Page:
The key to the look of the sequence was the Royal Doulton bowl in the Bankses’ nursery, which takes the place of the chalk drawings in the first film as an entry to the animated world. Jeff Turley, the animation production designer, explained: “We looked at a lot of Royal Doulton bowls, and what caught my eye were the hand-painted ink decorations with sort of watercolor washes. That look is reminiscent of the work of Ronald Searle” — a British cartoonist — “and some of the Disney films, like ‘101 Dalmatians’ and ‘Mary Poppins.’ It felt like a good fit, at least as a starting point.”

Mary Poppins (Emily Blunt) and the three Banks children, accompanied by Jack the Lamplighter (Lin-Manuel Miranda), ride a carriage driven by Shamus, a jaunty Irish setter (voiced by Chris O’Dowd) through the bowl’s landscapes and visit the Royal Doulton music hall — a sequence reminiscent of the “Jolly Holiday” and “Supercalifragilisticexpialidocious” numbers in the original movie. Blunt and Miranda interact with an assortment of animated animals, including penguins — a homage to the cartoon waiters in the previous film.

Filming the live performances so they could be combined with the animated elements proved challenging. “For the big music hall number, we were basically shooting the scenes three times,” Marshall said. “Once with Emily and Lin-Manuel and reference dancers representing the animated characters, so I could frame the shot and know how many people would be in it. Next, I’d take Emily and Lin out, and just shoot the reference dancers so the animators would know what they’d be doing. Then I’d take the reference dancers out and just have Emily and Lin-Manuel dancing, imagining everything around them.”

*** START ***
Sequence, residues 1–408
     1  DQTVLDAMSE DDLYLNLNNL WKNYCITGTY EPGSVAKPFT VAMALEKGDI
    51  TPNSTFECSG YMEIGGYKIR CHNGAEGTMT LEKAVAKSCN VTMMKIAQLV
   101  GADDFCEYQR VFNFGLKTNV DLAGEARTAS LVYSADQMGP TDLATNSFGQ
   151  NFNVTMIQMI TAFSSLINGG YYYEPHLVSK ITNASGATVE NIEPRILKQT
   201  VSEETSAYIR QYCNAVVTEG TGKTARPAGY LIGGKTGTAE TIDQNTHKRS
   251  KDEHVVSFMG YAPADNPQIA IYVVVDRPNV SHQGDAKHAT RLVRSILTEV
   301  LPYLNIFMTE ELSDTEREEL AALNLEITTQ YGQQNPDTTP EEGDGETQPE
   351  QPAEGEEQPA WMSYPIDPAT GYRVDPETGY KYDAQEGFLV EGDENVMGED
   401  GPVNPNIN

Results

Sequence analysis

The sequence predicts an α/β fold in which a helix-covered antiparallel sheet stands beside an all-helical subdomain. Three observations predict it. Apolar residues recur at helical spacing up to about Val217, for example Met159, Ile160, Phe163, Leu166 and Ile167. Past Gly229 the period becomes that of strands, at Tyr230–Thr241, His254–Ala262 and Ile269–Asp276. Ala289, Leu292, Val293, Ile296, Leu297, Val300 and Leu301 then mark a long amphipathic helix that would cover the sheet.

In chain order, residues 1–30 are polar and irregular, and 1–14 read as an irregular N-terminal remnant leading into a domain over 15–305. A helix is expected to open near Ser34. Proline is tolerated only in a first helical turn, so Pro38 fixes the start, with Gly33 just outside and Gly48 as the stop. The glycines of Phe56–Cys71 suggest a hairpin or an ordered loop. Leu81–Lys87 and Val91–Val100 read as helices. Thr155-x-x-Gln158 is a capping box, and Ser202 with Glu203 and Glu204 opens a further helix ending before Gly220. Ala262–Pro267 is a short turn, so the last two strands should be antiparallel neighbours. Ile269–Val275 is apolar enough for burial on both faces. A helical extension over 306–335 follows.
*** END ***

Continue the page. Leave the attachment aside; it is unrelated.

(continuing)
Capobianco added, “When we were on the set, we’d tell Lin and the other actors, ‘Remember, you’re carrying a penguin and it’s going to have a certain weight.’ As actors, they would have a zillion other things to think about, and the take wouldn’t quite be there. I’d ask Rob, ‘Can we get another take?’ He’d do it, and I’d say, ‘We still didn’t get it,’ and he’d say, ‘No, you got it.’ ”

The music hall scene was the first sequence the filmmakers shot. Marshall edited it while the rest of the filming was going on, to give the animators time to draw the other characters.

James Baxter, an animator whose first job at Disney was on the live action/animation combination film “Who Framed Roger Rabbit,” said the footage of the reference dancers was helpful.

“Obviously, we’re not doing the same movements — they’re real people with their own way of moving, which is completely different from the way a two-foot penguin moves,” he explained. “But to see how the choreography is working with all the other characters in the shot is really helpful. They were really good about not having the animation do just what the people did: You want to make the actions faster and cartoonier and snappier than a real person can move.”

If Marshall worried about matching the standard Walt Disney had set in the original “Mary Poppins,” the animators knew that the cartoon sequences had largely been drawn by Milt Kahl, Ollie Johnston and Frank Thomas, three of Disney’s “Nine Old Men,” whose work remains the gold standard of animation, even in the age of CGI.

“I’ve spent my entire career being intimidated by their work, so that’s nothing new,” Baxter said with a laugh. “It was great to have that high bar: It’s the motivator to do the best you possibly can, even though you know you’ll never get over that bar. If it’s not there, there’s not as much motivation to reach for the stars.”